"In the school system there's a discrepancy between the official curriculum and the 'unofficial' curriculum [including what's known as Shelach], Land of Israel studies that have a nationalist bent, and preparatory workshops for the army and the Gadna pre-military youth corps. The [Holocaust-related] trips to Poland could have been an occasion to teach broader humanistic understanding, but they end up being all about 'Then we were weak and now we are strong - We won't give them another chance to kill us.'
"When I talk in civics class about the Arab minority, and about its uniqueness in being a majority that became a minority, my students argue and say it's not true that they were a majority. When I go to the history teacher and ask her why the students don't know that in 1947 there was a certain number of Arabs here, and in 1948 there was a different number, she becomes evasive and says it's not part of the material."
The failure of the school system is evident not just in student's opinions, but sometimes in their actions, too. There have been a number of disturbing incidents: On the eve of Holocaust Remembrance Day last year, dozens of Jewish youths attacked two Arab youths after seeing a message on ICQ urging them "to put an end to all the Arabs walking around the Pisga [Pisgat Ze'ev]"; youths took part in the violence against Arabs in Acre last October; and just this week, Jewish youths from Tiberias went after a young Arab with clubs as he was walking on the city's boardwalk.
What kind of person will they grow up to be?
I have more and more respect for these young men and women.
On Saturday evening (february 7th), the refuseniks spoke to Palestinian on Bethlehem.
Five young Israelis who refused military service defied a ban on Israelis entering Palestinian Authority territory on Saturday evening to share their tales of prison, isolation, and struggle with an audience outside the West Bank city of Bethlehem.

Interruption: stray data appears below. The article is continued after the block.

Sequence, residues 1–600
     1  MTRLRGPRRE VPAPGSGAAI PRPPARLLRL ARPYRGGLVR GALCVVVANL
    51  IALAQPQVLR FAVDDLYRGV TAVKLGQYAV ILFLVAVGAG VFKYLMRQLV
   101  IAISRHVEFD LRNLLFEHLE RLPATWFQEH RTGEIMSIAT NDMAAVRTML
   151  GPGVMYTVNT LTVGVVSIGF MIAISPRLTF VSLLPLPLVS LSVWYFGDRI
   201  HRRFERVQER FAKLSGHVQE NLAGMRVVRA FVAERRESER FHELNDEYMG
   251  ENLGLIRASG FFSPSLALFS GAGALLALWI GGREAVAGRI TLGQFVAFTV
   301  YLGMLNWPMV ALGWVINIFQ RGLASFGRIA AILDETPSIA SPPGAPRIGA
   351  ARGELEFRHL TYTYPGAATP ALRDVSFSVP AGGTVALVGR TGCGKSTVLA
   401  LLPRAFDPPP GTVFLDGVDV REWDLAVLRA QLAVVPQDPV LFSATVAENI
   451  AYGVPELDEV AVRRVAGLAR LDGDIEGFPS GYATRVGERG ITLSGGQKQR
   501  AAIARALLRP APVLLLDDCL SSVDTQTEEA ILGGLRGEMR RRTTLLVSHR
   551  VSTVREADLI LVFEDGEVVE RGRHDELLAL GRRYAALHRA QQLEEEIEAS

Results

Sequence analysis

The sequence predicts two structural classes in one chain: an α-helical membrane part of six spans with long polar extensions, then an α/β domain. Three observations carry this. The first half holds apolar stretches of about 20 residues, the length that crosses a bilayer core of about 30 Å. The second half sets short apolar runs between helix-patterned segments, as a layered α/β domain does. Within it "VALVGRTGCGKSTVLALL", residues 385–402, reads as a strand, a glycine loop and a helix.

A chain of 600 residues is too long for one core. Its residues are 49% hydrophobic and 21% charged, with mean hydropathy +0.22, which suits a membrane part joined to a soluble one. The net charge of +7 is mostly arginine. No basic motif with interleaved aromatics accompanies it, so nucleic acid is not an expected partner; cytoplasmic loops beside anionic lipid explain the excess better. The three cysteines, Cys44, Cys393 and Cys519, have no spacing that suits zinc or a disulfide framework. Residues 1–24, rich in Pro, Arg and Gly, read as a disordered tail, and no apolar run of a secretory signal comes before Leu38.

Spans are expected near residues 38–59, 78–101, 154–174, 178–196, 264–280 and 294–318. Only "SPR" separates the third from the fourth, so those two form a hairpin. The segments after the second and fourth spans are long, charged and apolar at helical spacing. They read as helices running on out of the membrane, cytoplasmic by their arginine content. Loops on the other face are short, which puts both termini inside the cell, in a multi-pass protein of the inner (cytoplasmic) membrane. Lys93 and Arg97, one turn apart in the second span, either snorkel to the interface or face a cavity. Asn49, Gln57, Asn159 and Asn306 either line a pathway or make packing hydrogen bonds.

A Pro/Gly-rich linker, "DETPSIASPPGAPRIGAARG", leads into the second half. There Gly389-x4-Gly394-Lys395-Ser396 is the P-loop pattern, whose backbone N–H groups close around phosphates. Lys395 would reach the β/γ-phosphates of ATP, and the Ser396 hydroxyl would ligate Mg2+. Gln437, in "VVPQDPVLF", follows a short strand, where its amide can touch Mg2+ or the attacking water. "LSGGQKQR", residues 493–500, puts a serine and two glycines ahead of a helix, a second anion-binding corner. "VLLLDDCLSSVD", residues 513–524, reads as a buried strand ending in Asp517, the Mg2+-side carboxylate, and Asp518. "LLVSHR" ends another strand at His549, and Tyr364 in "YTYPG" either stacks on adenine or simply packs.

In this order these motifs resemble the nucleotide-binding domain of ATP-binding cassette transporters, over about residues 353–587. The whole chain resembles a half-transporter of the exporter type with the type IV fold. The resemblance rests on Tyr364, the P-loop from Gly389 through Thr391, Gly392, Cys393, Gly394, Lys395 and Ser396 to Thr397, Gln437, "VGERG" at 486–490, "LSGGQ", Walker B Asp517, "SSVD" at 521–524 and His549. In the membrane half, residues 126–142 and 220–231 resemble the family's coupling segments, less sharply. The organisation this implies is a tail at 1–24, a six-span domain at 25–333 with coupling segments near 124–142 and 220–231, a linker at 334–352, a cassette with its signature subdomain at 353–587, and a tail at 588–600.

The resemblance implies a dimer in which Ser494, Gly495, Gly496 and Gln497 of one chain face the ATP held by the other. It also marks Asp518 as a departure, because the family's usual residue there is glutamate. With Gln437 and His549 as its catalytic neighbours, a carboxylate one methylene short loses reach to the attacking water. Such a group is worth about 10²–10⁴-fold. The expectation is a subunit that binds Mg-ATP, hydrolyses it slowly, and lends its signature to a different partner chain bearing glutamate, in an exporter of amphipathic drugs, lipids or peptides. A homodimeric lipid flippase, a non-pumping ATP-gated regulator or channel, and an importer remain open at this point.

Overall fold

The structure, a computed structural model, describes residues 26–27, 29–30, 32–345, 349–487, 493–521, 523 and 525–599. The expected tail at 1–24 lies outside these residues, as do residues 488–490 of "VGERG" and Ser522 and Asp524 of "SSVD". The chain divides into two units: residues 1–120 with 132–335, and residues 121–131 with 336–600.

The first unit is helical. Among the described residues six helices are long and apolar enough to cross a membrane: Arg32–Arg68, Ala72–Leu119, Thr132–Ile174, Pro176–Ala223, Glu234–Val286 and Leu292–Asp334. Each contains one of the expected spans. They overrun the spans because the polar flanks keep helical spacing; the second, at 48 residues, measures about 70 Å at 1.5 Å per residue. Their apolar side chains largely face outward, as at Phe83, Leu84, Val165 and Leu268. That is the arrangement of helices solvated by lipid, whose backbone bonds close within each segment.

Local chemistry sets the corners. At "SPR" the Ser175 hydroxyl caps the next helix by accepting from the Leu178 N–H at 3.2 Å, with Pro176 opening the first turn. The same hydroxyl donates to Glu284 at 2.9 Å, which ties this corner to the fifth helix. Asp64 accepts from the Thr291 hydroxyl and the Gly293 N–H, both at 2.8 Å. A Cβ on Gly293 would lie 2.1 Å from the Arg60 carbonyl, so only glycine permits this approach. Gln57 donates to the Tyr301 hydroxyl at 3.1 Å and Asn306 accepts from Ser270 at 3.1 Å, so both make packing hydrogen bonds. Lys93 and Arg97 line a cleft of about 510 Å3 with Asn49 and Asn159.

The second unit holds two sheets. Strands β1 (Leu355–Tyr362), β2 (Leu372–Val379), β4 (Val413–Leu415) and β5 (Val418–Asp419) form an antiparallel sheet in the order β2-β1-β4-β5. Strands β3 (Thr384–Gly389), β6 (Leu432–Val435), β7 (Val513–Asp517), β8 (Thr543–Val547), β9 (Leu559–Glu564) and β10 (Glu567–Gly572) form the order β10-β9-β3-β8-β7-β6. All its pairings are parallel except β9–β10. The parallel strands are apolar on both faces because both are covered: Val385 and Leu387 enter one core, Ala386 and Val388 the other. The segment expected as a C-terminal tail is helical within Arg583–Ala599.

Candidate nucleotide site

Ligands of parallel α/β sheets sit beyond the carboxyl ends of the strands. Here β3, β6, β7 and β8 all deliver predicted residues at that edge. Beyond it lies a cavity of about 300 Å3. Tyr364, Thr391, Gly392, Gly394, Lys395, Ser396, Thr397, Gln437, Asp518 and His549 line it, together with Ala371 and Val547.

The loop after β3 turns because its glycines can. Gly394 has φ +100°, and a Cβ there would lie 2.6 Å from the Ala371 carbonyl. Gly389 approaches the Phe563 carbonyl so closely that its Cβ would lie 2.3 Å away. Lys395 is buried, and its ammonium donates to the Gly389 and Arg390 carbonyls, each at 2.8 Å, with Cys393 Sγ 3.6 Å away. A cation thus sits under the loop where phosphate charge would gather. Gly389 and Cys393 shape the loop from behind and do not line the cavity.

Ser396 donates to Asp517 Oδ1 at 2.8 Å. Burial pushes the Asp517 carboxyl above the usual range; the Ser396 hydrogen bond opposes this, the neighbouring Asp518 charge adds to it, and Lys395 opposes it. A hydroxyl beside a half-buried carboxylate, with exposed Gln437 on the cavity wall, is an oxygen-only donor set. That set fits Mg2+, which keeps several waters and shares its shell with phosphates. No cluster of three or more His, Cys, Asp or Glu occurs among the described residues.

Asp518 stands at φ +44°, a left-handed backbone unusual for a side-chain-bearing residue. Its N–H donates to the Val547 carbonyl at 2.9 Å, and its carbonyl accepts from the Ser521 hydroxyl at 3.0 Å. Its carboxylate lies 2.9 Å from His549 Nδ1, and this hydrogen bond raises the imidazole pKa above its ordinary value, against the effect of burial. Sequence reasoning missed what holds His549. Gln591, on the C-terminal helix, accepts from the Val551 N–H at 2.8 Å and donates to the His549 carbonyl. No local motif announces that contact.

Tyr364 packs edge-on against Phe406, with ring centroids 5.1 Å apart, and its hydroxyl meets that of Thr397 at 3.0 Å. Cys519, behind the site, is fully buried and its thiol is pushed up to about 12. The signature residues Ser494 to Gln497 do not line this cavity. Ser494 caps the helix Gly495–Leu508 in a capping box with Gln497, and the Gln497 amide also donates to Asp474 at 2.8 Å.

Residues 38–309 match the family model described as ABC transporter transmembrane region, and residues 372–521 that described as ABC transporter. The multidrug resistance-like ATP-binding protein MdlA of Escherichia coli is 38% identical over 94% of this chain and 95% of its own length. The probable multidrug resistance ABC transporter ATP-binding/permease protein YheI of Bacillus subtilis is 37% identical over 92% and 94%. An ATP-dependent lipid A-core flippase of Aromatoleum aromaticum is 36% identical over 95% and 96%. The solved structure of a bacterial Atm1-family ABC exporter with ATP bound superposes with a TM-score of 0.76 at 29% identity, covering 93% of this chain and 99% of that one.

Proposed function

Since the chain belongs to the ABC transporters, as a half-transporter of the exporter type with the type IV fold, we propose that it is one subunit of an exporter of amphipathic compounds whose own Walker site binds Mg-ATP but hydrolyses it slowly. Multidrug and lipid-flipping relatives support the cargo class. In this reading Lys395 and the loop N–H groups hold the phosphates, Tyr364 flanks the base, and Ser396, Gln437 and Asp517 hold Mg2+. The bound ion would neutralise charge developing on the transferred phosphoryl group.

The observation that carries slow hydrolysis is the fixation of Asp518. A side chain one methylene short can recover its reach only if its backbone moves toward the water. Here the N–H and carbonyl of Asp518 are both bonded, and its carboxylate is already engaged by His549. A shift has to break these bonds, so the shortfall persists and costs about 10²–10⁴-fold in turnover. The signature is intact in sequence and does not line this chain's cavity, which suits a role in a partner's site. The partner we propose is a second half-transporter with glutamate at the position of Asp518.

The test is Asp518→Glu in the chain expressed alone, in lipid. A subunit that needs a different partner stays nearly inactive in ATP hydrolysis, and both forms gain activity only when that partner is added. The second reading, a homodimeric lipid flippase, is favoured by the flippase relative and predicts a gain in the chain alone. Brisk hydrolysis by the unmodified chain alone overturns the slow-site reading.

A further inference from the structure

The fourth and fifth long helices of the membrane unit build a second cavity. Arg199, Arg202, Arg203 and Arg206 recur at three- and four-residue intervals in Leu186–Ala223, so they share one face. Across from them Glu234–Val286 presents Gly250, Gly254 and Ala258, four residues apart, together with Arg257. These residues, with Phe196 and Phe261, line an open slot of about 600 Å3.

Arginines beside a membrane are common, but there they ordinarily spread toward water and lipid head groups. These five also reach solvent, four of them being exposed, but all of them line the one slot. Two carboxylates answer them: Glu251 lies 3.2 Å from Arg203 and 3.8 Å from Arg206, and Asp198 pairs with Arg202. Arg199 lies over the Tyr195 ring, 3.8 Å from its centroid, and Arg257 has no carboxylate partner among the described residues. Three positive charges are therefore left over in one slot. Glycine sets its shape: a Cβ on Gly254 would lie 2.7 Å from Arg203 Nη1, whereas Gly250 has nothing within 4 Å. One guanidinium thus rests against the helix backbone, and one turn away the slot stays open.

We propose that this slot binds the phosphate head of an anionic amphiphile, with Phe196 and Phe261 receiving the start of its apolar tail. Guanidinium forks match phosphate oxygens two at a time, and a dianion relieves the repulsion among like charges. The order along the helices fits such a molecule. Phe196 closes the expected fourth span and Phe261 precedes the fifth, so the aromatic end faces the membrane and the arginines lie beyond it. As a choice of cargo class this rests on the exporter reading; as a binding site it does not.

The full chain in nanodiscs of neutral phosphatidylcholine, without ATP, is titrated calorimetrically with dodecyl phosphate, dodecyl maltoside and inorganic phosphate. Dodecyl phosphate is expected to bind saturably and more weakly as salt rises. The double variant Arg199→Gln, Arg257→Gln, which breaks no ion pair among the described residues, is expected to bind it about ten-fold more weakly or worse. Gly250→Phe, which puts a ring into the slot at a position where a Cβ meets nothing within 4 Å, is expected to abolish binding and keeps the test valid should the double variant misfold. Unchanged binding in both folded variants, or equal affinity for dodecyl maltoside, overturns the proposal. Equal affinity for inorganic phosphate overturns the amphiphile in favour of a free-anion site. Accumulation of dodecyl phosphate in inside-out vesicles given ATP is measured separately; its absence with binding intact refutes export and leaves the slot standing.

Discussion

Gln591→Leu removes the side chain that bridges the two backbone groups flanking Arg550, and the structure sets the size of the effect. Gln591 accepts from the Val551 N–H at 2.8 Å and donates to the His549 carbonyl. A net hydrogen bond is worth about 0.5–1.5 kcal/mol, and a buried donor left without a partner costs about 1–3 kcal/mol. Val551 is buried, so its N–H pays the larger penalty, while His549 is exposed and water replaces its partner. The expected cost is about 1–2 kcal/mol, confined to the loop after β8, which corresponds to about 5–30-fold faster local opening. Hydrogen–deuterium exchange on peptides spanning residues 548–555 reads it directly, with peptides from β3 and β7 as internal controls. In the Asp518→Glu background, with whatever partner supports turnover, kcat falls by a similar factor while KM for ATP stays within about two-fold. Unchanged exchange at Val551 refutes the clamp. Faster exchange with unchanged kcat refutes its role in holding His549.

On Tuesday Israelis are expected to elect the most right-wing government in recent memory, but these five, represent a countervailing force, however small, to an Israeli society that appears more than ever to be in the grip of the right wing. On Tuesday, Israelis will go to the polls in parliamentary elections in which the top slot is expected to go to the right-wing Likud party, and the third largest share of the votes to Avigdor Lieberman’s “Israel Our Home” party, one of whose slogans is “No loyalty, no citizenship.”
“Refusing is a break from the Jewish-Israeli consensus,” said 22-year-old Alex Cohn, “It’s the beginning of a journey, not an end.” Cohn spent a total of five months in a military prison in 2005 for his refusal.
The refuseniks’ message of moral objection was welcomed by at least some of the Palestinians who attended the panel. One student from Bethlehem said, “Every day I go to school at the Al-Quds university, which is in a town next to Jerusalem. I have to pass through a checkpoint twice a day. So, statistically speaking, if I’m standing in front of five Israelis, they’re probably going to be pointing guns at me. Instead I’m standing here applauding you.”
The young Israelis also talked about what 19-year-old Mia Tamarin called “the stamp of the refuser,” the social isolation they face in a society where everyone is a soldier. Tamarin, a committed pacifist who spent two years in an educational program where she met women from all over the Middle East, said that her decision to refuse also led her to leave home.
Alex Cohn also said he faced tension with his family. “When my brother heard he called me very angrily, saying ‘you’re going to rot in prison,’” he said, then recalling that his brother changed tones, “’You’re going to sit in prison and read books while I’m risking my life.’”
Israel’s rightward lurch going into Tuesday’s elections, Cohn said, “is like falling down a cliff. It’s a nightmare. We can only hope that people wake up from this nightmare.”
“But,” he added, “Maybe it will lift the mask of Israeli democracy, and there will be more pressure on Israel from the outside.
Courage to refuse.
Courage to do the right thing.